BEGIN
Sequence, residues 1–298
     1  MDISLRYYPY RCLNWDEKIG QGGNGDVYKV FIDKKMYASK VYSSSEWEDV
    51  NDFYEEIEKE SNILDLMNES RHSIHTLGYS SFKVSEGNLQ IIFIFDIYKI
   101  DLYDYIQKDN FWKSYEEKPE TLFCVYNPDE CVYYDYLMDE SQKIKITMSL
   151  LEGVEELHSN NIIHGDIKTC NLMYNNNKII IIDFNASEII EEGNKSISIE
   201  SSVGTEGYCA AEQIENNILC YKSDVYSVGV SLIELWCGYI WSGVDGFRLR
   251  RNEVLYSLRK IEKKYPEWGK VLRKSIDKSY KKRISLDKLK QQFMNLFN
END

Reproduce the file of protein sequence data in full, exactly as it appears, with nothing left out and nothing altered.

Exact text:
Sequence, residues 1–298
     1  MDISLRYYPY RCLNWDEKIG QGGNGDVYKV FIDKKMYASK VYSSSEWEDV
    51  NDFYEEIEKE SNILDLMNES RHSIHTLGYS SFKVSEGNLQ IIFIFDIYKI
   101  DLYDYIQKDN FWKSYEEKPE TLFCVYNPDE CVYYDYLMDE SQKIKITMSL
   151  LEGVEELHSN NIIHGDIKTC NLMYNNNKII IIDFNASEII EEGNKSISIE
   201  SSVGTEGYCA AEQIENNILC YKSDVYSVGV SLIELWCGYI WSGVDGFRLR
   251  RNEVLYSLRK IEKKYPEWGK VLRKSIDKSY KKRISLDKLK QQFMNLFN